When the peace deal between Maoist rebels and the Nepalese government was signed in 2006, I felt a sense of excitement as I reported it in my newspaper. The 10-year conflict was over and the country was headed towards establishing a federal state. During my recent visit to Colombia I felt similar excitement about the peace agreement—ultimately rejected by the voting public—between the Colombian government and FARC.
Before visiting the country, I assumed journalists in Colombia were affected by the same political and violent conflicts as in Nepal. But this was not really the case. True, many Colombian journalists had been attacked for writing stories on corruption and issues related to collusion between the government and armed groups, including drug lords. But those journalists also have strong organizations protecting them.
In Colombia I learned about the safety mechanism created by the government and civil society to respond to attacks against journalists. Under supervision of the Ministry of Internal Affairs, the National Protection Unit works to provide security to journalists in a variety of ways—for instance, with armed guards, armored vehicles, and relocation services.
But the key to making the protection system effective is the collection, verification, and recording of information about attacks on journalists. This data is collected by Colombian press freedom organization Fundación para la Libertad de Prensa (FLIP) and then provided to the National Protection Unit. FLIP monitors press freedom violations, attacks, and threats, and has a consultative status in the Organization of American States. This membership gives FLIP an opportunity to report violations against journalists on an international level, for example, involving the Inter-American Commission on Human Rights. FLIP has about 30 volunteer correspondents—usually journalists—working in different parts of Colombia.
Similar working methods could also be applied in Nepal. This level of systematization is essential for ensuring that safety measures work. The Colombian protection mechanism is effective, though also expensive.
A former chair of FLIP, Carlos Cortés, in a meeting with Nepali journalists, spoke about the fear he had to overcome to become an independent, responsible journalist. “Any journalist who works on behalf of a political party or group can never be independent and responsible,” said Cortés, adding that he never combined these two things in his career. Security does not come without its costs, however. “It is difficult to do independent, impartial journalism when you move around with bodyguards,” he explained.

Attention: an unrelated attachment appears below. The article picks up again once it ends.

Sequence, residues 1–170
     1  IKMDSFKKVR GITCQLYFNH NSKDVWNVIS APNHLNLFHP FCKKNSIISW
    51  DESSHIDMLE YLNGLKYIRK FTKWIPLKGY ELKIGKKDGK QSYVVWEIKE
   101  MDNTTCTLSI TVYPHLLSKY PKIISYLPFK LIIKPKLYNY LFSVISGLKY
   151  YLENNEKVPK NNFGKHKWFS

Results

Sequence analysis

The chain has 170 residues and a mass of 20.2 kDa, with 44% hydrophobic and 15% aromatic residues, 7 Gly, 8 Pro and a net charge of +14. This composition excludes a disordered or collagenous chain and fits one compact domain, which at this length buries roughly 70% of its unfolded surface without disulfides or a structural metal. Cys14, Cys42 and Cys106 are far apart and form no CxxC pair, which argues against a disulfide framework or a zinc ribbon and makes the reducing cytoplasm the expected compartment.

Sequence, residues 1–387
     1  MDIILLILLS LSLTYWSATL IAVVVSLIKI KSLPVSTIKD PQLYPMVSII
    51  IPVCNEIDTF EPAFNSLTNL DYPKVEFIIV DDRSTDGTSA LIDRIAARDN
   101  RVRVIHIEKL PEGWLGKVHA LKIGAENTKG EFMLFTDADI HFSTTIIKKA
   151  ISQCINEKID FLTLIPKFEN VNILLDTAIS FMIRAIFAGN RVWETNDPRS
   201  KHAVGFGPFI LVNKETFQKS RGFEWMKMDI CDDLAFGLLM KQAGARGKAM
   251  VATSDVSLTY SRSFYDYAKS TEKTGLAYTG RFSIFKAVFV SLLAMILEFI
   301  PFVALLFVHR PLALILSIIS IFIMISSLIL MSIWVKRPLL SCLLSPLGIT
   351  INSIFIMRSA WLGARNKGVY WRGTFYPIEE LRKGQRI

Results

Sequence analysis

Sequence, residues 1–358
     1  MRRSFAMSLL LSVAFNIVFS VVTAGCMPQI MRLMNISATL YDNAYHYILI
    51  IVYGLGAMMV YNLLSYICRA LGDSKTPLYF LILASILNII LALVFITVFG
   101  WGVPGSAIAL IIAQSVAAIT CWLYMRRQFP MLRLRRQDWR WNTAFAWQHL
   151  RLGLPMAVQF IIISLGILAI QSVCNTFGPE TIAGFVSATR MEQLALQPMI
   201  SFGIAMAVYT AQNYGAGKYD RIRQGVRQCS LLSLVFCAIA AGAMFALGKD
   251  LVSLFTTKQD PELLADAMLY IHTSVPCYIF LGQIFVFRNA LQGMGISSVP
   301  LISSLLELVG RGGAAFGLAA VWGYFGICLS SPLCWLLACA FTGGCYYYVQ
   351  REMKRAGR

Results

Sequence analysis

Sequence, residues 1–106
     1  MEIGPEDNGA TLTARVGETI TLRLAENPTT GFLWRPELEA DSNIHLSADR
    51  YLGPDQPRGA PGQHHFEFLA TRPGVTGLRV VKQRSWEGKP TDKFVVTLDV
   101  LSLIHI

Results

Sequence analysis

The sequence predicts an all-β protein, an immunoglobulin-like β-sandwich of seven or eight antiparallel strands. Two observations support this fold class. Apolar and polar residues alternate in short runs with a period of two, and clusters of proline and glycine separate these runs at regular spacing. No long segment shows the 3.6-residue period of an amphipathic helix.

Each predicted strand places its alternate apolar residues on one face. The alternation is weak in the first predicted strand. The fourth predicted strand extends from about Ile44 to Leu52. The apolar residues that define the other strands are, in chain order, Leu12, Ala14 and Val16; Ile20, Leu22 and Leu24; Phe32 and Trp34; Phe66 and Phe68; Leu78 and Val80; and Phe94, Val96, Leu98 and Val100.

In addition, Federacion Colombiana De Periodistas, a coalition of 29 journalism organizations and over 1,200 journalists and media workers, is also enabling journalists to practice their profession freely. It monitors incidents and takes up advocacy work on press freedom issues. I found it to be similar to my own organization, the Federation of Nepali Journalists.
The level of protection for journalists in Colombia is beyond what we can even imagine in Nepal. Yet, after my visit, I am convinced that we can establish a mechanism for the safety of journalists in Nepal. The nationwide network of the Federation of Nepali Journalists and the seven regional offices of the National Human Rights Commission already provide a foundation for enabling the safety of journalists and human rights advocates. A mechanism could ultimately involve all 74 branch offices of the Federation of Nepali Journalists, the human rights organizations in the districts, and the Nepal Bar Association as informants and participants.
Like in Colombia, this mechanism could work to relocate journalists facing genuine threats, and engage in information collection, validation, and risk analysis in collaboration with other state partners such as the police, if needed. This way we can assure media workers are safe and able to engage in independent, fearless, and responsible journalism.